Deleted Item Retention – Provides the end-user with the ability to recover a deleted item from any folder for up to 14 days. This timeframe can be changed using remote Power Shell commands or via a Service request.
Multi-mailbox search is available in Exchange Online. This comes in useful when investigation is undertaken by Human Resources or a legal investigation takes place. This is a very powerful feature and can be accessed via a web portal (under the Exchange Management Portal from your Admin Site) or via remote power shell cmdlets. The e-discovery power shell scripts can also be used to find and remove email items from multiple mailboxes that match a certain criteria. For more information see: http://www.microsoft.com/exchange/en-us/email-archiving-and-retention.aspx
Exchange Online is protected by The Microsoft Forefront Service for anti-spam and malware. This product can be tuned via the Exchange Management portal which is accessible to administrators through the Admin Portal. Most businesses I have dealt with have paid an additional cost to filter un-wanted email from their inboxes using a product hosted by a third-party (ISP or other hosted provider) or in some instances another product sitting on a separate server. This feature comes with all product versions of Exchange Online and in my experience hasn’t failed me yet. The administrator is able to configure the Forefront product to alert users if any spam has been filtered by way of email or indeed turn the feature off altogether and let the spam be dealt with by the Junk Mail folder within Outlook.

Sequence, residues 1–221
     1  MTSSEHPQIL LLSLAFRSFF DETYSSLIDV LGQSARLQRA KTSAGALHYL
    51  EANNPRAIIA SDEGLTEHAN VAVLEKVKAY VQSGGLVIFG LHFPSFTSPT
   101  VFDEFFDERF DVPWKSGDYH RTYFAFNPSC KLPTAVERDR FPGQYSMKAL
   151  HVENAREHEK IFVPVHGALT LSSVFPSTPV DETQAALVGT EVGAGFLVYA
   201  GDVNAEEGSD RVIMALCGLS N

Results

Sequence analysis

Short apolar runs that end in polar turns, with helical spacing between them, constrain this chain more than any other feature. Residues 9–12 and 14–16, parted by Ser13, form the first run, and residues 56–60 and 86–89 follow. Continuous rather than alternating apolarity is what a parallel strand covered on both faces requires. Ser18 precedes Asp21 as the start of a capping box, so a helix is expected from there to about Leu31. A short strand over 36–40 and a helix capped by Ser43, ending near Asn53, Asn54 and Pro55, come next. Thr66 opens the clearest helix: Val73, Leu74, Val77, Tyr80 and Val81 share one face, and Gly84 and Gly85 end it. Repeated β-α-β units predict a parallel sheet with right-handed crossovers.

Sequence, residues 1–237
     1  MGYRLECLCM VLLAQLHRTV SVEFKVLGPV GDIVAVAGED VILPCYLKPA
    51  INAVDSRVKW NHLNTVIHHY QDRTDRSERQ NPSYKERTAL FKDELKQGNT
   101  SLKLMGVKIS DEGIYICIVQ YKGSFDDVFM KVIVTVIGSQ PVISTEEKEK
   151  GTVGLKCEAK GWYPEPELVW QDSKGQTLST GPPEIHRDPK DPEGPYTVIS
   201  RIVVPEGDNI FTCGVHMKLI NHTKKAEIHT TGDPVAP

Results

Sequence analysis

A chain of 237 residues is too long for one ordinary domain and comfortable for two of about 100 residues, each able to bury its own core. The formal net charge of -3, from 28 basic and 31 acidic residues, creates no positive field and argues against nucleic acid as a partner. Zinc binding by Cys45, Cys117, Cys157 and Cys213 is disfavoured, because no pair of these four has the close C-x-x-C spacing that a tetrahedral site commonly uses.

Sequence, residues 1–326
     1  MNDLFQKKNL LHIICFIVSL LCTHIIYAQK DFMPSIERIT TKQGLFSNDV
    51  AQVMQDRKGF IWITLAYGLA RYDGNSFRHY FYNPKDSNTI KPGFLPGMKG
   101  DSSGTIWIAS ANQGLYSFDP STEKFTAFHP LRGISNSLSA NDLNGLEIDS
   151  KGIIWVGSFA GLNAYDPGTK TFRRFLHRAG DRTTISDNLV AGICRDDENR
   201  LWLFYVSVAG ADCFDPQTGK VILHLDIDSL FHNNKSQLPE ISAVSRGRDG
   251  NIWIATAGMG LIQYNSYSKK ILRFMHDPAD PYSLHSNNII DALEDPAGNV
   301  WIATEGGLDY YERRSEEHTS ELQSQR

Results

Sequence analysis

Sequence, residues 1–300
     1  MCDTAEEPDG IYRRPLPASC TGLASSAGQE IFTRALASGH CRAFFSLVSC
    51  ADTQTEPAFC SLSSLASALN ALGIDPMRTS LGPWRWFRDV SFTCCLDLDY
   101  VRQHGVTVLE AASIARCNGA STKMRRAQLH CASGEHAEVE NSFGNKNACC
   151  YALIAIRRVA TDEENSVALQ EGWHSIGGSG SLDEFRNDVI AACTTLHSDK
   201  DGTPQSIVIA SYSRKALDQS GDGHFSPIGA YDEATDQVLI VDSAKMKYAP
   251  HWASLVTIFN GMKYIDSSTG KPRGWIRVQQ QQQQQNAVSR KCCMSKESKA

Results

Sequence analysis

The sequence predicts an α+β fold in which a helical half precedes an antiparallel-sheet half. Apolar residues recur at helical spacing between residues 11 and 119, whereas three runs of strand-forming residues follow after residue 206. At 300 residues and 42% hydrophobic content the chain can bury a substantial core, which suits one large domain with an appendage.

Role Based Access
Exchange Online uses a Role-Based Access Control (RBAC) model that allows organizations to finely control what users and administrators can do in the service. Using RBAC, administrators can delegate tasks to employees in the IT department as well as to non-IT employees. For example, if a compliance officer is responsible for mailbox search requests, the administrator can delegate this administrative feature to the officer. It is important to note that many of the features above need to be restricted to certain people within your organization.
These are but a few enterprise features delivered by Exchange Online that expands the value email has to a business. Anywhere access, reliability and security are components of what a robust email solution needs to provide. The pricing for Office 365 Exchange Online products are below (New Zealand $).
- Kiosk (deskless) Users – 1Gb Mailbox for Mobile device access using ActiveSync and Outlook Web App – NZD $3.06 per user per month